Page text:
Who are the stakeholders in this case? The stakeholders in this case are the passengers, crew and their families, aboard the Amtrak train that derailed. They are also the corporate investors who hold stock in Amtrak and all Amtrak employees who have invested their time in employment with the organization. They could easily lose their jobs if a major layoff occurred or the organization filed for bankruptcy due to the millions they would be required to pay in damages. Stakeholders are the members of the Mobile, Alabama community who either witnessed or heard about the disaster and who may have lost trust in this railway system.
The crew and captain of the tug boat which ran its barges into the framework of the bridge are also stakeholders, along with the owners and investors of the transport company in which they were employed. The emergency workers, the agencies such as NTSB, the Alabama Emergency Response Network and the U. S. Coast Guard are stakeholders as well. What are the interests of the stakeholders? Investors in the transport company, CSX and Amtrak stand to lose money as such disasters can lead to public distrust and subsequent falling stock prices.
They must answer to the public as to why emergency signals were not designed on the bridge. Families have lost loved ones as passengers or crew members that they cannot bring back. Crew members that lived must deal with feelings of guilt for not being able to do more and not being aware of exactly what had happened. They will also have to face many questions from agencies investigating the disaster and will face stressful situations, possibly for years to come. Their careers and way of earning a living may also be in jeopardy due to the effects of this disaster.
Crew and families of the tug boat crews must face feelings of guilt and shame. What is this corporation’s social corporate responsibility in this case for the four areas of corporate social responsibility? •Legal Social Responsibility With respect to the legal responsibility, both CSX who failed to provide a signal on the bridge and WGN, whose crew ran into and damaged the bridge, while displacing the track have a financial responsibility toward families whose loved ones made a living, whether crew or passengers.
Amtrak also shares in this responsibility for not taking greater precautions, such as reduced speed, knowing that some bridges are not installed with emergency signals. There is also a financial burden to repair the damages to the bridge and CSX track by WGN, who initially caused the event that led to the derailment. According to Mallen Baker (2009), “CSR is about building relationships with customers, about attracting and retaining talented staff, about managing risk, and about assuring reputation. ” In this instance, both CSX and WGN did a poor job of managing risk.
WGN is responsible for not having staff with better training and navigation skills and CSX for ignoring recommendations to install emergency signals on the bridge. •Economic Social Responsibility CSX, Amtrak and NTSB have economic social responsibility in reducing the risk of injury or loss of life due to such incidents, which has a huge financial impact on the families of passengers and crew. WGN shares in this responsibility as well. Though CSX did not install emergency signals, the NTSB should provide greater oversight to ensure such precautions are taken.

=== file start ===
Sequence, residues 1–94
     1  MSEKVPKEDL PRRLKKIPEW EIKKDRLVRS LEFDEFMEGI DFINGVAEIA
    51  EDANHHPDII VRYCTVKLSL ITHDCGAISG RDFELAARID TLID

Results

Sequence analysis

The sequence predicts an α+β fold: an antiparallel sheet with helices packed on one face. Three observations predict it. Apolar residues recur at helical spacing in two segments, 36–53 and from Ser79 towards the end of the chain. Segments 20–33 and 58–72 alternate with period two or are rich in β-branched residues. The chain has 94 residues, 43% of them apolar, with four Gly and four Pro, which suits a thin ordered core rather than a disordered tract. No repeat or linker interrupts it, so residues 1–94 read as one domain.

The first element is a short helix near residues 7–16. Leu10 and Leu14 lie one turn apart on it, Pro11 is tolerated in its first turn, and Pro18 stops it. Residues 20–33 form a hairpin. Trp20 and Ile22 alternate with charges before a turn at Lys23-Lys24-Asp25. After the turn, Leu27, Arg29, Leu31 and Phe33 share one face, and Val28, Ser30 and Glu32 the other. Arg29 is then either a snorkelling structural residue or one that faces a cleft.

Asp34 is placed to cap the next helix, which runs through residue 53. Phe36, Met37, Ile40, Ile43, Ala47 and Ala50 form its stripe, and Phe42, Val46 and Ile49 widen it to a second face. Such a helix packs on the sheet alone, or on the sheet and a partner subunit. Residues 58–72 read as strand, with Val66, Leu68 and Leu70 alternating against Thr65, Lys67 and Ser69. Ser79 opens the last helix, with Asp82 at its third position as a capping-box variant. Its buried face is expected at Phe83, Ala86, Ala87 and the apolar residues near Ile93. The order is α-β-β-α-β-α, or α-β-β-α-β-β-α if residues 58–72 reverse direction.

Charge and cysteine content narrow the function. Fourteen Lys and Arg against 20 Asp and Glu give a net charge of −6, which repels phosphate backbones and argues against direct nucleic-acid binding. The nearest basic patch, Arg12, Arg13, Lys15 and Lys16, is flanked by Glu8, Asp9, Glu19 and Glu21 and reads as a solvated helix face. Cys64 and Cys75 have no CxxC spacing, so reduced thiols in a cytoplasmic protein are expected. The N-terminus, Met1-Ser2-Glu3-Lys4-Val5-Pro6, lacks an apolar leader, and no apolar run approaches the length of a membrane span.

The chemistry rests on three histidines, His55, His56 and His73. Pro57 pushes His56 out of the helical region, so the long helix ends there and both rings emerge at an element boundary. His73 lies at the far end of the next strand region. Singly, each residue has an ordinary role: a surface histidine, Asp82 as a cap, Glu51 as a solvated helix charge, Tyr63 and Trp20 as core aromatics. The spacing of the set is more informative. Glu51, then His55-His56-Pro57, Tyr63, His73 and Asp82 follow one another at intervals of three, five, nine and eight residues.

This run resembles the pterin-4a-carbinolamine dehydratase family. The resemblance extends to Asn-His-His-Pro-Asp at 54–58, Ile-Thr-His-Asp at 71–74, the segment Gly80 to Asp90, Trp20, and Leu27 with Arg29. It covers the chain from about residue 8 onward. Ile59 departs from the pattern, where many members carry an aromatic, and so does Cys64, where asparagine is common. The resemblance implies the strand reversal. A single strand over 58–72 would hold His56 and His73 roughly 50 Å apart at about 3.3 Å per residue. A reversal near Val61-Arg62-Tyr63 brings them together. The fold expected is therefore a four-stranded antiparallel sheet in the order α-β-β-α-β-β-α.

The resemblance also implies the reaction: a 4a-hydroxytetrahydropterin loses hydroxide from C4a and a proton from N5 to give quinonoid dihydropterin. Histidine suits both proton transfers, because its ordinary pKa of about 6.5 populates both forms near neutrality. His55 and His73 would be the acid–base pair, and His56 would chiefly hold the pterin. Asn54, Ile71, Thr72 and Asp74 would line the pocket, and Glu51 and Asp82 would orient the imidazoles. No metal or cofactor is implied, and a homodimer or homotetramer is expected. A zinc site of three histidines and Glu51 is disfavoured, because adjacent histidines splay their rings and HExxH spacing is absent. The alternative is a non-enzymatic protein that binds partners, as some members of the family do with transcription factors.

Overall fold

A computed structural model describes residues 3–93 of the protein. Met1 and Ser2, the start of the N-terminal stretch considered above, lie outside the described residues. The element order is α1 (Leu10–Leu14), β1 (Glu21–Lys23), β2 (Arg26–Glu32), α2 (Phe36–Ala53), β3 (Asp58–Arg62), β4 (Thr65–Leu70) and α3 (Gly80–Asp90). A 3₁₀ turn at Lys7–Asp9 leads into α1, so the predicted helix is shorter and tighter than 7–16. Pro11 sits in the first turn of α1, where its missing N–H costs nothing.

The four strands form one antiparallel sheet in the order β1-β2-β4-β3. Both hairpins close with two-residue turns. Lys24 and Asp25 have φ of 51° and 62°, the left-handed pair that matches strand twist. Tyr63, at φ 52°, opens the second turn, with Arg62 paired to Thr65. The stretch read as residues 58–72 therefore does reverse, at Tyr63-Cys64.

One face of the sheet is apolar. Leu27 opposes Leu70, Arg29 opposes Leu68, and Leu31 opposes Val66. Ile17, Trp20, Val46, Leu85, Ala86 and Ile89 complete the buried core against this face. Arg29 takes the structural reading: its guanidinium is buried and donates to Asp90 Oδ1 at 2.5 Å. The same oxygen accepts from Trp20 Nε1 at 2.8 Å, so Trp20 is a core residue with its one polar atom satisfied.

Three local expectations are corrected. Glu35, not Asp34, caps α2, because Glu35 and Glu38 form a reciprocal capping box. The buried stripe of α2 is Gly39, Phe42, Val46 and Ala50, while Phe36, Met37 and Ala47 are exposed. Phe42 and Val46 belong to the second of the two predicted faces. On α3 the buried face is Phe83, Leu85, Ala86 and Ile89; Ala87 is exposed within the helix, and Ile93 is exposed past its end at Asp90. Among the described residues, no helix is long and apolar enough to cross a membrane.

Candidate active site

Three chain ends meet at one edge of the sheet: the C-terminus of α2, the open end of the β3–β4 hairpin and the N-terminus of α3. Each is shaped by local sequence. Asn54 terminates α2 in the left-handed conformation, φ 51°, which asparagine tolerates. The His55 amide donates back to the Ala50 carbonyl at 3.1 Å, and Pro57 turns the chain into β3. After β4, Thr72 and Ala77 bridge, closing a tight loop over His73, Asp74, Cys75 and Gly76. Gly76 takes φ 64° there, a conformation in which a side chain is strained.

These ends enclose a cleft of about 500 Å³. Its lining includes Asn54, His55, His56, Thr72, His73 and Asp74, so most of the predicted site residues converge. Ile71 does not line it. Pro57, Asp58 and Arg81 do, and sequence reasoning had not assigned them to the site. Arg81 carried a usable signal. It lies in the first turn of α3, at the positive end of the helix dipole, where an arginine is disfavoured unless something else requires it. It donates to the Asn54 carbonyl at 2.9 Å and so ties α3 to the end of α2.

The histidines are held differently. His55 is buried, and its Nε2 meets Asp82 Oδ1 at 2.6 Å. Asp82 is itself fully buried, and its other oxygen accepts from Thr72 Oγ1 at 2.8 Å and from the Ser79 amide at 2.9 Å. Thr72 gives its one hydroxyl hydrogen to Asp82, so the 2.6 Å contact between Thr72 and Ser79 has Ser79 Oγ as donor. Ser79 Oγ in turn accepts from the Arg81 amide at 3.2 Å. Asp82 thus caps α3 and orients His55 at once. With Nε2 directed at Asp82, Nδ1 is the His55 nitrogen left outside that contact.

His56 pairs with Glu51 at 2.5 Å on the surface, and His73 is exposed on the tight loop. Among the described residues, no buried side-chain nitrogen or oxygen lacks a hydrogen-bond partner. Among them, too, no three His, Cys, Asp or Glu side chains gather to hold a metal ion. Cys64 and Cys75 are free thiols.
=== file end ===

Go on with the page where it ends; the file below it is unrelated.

WGN should be aware of the problems that can occur when a large vessel runs into various structures and should help in repairing the emotional and financial lives of the victims of the accident. Both CSX/Amtrak and WGN have an economic responsibility to the
All agencies and companies involved have an ethical responsibility to make sure that various forms of travel or transport they oversee or are involved in are as safe as possible for their crews and passengers. Ignoring recommendations such as CSX did, in not installing the emergency signal due to cost is an example of social irresponsibility (Eisenbeis, et al, nd). Amtrak could have better communications and emergency systems aboard the trains and passenger cars, to alert the entire crew of emergencies. Though this may not be an issue of irresponsibility, it has implications for future rail travel.
WGN has an ethical responsibility to ensure that vessel crews are trained and updated on navigation techniques, so that injury to innocent bystanders does not occur. They also have an ethical responsibility to have proper navigation systems on board the vessels. •Philanthropic Social Responsibility Travel and transport organizations do not have a specific responsibility to become involved in philanthropic activities, though they should at least insure that the communities in which they travel through are not adversely affected either economically or environmentally, as a result of their travels.
They could take measures to provide incentives for jobs and training for jobs of those in the communities in which they travel through, as taxpayers of those communities share the burden of building bridges and roads. Because the organizations also contribute to introducing carbon emissions into the environment, they should work with and offer some financial support to organizations that help monitor and provide solutions for carbon emissions. Conclusion and Recommendation I believe better communication by all parties involved would have reduced injuries.
Amtrak should have had regulations in place for speed during weather conditions and safety devices for the rail in front of them could have avoided a lot of the accident. Having markers in place for emergency response units, would have allowed them to give a more specific place of the wreck. When people’s lives are at stake all ethical issues and laws should be put in full swing. Common sense would have prevented all of this. Large corporations such as Amtrak should have trained employees and safety standards in place.